Puerto Rico: Here Comes The Next Greece

Even as Greece has shut its banks and its stock market and prepares for its big default, the next big sovereign default is coming right behind it.  I'm talking of course about Puerto Rico.  On Sunday the New York Times reported that Puerto Rico's governor, Alejandro Garcia Padilla, had said that Puerto Rico's debt of some $72 billion "is not payable."

You are probably thinking: but Puerto Rico is part of the United States!  It has the huge advantages of free trade and free travel with the United States.  It's in the U.S. dollar currency union.  How could it possibly be in such a position?

But if you start investigating Puerto Rico's economy, you find that it is far worse than you might have imagined.  Median household income is only about $20,000 (per badly lagged Census data here from 2014).  That compares to well over $50,000 for the United States as a whole, and about $36,000 for the poorest of the 50 states, Mississippi.

Completely free trade should gradually be bringing Puerto Rico up to the income levels of the rest of the country, but it is not happening.  Instead, it's income is stagnating, and indeed the population has been shrinking.

And then there is the most astounding statistic of all about Puerto Rico, the labor force participation rate -- the percentage of working age people either working or seeking work.  For the U.S. as a whole, that rate has recently been 62.8%, itself a significant decline from numbers around 67% prior to the recent financial crisis.  In Puerto Rico the figure is around 42%.  That means there is a full 20% of adults who would be working if they were in the rest of the United States, but are not working in Puerto Rico.   Knowing that, is it any wonder that the government is broke?

Now, in considering why this might be, I would invite you to entertain the hypothesis that the federal minimum wage might have something to do with it.  That minimum wage is only $7.25 per hour, far lower than numbers like $15 per hour that are gradually taking effect in places like San Francisco and Seattle, or than the $12 per hour that President Obama has discussed for the country as a whole.  But for Puerto Rico, $7.25 per hour for a year of full-time work represents a very high percentage of that median household income figure above -- assuming full time work of around 1900 hours per year, it's in the range of 70%.  By contrast, full time work for one person at the current federal minimum wage is only about 40% of median household income in Mississippi, and not much more than 25% for the country as a whole.  A $12 minimum wage would only bring the full-time minimum wage worker's annual pay to about 35% of median household income for the country as a whole.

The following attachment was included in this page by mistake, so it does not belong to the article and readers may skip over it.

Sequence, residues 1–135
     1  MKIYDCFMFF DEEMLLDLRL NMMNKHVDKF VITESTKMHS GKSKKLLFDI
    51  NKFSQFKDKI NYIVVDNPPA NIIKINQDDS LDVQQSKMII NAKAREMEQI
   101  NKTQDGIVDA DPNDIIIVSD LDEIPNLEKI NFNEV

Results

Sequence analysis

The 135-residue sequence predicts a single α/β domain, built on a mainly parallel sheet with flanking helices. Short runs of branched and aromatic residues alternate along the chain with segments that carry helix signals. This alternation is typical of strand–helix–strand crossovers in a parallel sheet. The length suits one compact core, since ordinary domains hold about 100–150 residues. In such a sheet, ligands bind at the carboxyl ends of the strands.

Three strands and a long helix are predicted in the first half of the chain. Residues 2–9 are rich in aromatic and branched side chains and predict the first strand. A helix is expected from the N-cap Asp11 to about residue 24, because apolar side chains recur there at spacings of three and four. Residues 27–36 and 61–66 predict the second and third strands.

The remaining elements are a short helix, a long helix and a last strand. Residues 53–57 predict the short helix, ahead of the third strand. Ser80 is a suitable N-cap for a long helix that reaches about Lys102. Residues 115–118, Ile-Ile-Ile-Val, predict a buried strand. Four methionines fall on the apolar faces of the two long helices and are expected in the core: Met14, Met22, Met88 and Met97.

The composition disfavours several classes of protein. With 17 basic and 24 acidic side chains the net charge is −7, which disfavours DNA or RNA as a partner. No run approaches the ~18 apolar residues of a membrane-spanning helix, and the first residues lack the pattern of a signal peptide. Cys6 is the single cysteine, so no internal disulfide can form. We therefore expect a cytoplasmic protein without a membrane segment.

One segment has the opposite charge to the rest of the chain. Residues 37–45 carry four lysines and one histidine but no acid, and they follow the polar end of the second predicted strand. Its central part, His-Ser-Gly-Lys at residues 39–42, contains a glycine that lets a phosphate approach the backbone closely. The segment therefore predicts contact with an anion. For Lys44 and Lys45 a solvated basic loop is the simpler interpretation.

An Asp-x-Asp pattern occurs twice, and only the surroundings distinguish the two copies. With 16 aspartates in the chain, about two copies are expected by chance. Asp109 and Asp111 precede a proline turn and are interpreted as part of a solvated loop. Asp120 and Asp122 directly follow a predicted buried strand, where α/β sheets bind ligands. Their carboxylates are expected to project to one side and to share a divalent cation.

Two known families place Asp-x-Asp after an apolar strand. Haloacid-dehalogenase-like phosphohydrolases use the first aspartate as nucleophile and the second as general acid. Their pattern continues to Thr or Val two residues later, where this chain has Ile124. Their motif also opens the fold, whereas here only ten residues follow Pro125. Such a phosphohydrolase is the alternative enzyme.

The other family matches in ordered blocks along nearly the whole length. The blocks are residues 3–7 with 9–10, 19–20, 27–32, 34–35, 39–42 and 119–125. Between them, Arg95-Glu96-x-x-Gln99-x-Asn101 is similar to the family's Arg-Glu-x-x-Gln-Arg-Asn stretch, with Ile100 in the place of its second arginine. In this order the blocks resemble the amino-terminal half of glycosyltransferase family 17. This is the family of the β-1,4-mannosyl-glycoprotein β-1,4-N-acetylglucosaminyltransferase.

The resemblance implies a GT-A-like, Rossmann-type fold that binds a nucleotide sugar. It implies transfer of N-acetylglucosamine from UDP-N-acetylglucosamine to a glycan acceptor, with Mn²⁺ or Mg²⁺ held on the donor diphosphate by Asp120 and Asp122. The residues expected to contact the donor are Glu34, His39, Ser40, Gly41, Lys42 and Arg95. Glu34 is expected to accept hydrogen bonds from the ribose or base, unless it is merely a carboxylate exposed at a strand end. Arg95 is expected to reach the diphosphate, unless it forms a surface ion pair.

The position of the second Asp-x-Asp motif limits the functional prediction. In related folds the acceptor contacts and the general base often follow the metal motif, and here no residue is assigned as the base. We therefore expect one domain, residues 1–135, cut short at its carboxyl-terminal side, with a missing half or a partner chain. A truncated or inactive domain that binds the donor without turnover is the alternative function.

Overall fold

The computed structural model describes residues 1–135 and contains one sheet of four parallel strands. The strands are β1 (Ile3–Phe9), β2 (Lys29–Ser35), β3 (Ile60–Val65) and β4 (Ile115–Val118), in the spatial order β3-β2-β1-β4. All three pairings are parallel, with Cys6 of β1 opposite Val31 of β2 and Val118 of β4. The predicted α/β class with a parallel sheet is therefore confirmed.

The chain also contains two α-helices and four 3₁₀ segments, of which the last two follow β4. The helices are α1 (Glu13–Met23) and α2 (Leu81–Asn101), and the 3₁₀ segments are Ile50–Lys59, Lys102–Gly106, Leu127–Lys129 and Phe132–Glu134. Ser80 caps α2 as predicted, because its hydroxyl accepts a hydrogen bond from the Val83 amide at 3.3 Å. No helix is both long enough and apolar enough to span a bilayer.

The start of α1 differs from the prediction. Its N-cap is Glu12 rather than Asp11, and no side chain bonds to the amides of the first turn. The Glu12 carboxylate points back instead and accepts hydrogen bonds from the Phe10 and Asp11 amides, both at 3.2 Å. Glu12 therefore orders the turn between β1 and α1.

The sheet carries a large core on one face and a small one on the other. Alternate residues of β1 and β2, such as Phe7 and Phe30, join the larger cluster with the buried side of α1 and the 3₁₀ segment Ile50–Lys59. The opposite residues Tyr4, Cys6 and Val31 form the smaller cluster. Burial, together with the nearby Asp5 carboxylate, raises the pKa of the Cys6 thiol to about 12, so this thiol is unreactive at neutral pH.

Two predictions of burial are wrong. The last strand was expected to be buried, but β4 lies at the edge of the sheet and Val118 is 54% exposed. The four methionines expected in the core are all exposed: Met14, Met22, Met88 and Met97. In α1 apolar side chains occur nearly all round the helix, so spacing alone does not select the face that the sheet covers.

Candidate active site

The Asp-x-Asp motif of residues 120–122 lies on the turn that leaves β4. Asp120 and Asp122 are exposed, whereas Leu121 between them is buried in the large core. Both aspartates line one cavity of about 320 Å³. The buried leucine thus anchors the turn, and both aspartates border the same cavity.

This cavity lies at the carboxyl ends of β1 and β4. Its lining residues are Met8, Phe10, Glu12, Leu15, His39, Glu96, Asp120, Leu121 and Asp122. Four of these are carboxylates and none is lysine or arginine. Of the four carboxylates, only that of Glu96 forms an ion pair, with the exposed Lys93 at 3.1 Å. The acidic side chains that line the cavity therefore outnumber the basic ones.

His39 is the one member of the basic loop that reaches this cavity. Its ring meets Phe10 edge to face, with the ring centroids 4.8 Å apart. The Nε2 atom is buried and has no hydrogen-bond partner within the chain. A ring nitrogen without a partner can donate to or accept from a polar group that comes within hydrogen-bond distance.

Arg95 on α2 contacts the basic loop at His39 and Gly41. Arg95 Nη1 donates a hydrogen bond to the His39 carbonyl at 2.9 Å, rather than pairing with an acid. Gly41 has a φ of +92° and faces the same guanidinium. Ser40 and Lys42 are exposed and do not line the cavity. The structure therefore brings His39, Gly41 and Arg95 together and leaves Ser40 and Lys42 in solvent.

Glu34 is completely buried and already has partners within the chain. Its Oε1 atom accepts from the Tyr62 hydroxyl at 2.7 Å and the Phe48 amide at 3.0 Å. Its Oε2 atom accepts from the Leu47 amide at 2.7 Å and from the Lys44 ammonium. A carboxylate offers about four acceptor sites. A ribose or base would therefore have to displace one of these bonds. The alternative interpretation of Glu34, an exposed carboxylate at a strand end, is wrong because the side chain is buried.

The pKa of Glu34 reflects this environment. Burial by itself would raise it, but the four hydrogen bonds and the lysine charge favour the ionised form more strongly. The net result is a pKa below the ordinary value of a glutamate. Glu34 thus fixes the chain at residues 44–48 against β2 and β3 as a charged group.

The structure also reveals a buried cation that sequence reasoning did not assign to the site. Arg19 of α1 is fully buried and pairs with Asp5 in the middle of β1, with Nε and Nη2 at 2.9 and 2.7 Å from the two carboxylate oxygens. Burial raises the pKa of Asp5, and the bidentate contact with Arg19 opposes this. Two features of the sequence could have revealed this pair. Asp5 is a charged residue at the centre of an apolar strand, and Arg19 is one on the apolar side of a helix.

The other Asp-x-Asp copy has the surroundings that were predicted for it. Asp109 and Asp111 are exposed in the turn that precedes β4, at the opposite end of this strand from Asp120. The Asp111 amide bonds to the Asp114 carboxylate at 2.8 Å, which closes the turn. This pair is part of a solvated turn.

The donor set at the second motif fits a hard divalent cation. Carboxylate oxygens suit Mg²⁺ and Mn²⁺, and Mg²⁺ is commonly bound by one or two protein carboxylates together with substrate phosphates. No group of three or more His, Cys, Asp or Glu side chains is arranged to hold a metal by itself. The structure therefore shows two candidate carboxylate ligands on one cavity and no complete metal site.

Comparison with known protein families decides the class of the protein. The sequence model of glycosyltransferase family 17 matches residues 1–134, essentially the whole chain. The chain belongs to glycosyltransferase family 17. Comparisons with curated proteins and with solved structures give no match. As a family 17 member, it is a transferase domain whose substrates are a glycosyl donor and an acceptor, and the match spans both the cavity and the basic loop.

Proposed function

I am not the only person noticing these dramatic numbers.  Here is what Max Ehrenfreund had to say in yesterday's Washington Post wonkblog:

While labor organizers around the country along with most major Democratic politicians have said the federal minimum wage is too low, it seems clearly too high in Puerto Rico, at 77 percent of per capita income. That puts a lot of people with less education and fewer skills out of consideration for a job.

Of course it is not possible to do fully controlled experiments to see what is causing economic performance to lag in one location versus another.  But it's hard to come up with an alternative hypothesis that explains Puerto Rico's dramatically low labor force participation.  The next best one is that federal benefits, like food stamps, are of much more relative value in poor Puerto Rico, and strongly discourage work.  Of course, those two factors could be working together.

If the minimum wage hypothesis is correct, it means that that law has put a huge contingent of low-education, low-skill workers out of work in Puerto Rico.  Intended to benefit the poor, it in fact has made huge numbers of them much poorer.  As to the $15 dollar minimums in rich coastal cities like San Francisco and Seattle, likely the effect will not be so large as to show up quite so dramatically in the government statistics.  But that doesn't mean that the effect will be zero.  And those who get hurt are of course the poorest of the poor.  Shouldn't they be the ones that public policy should most be seeking to benefit?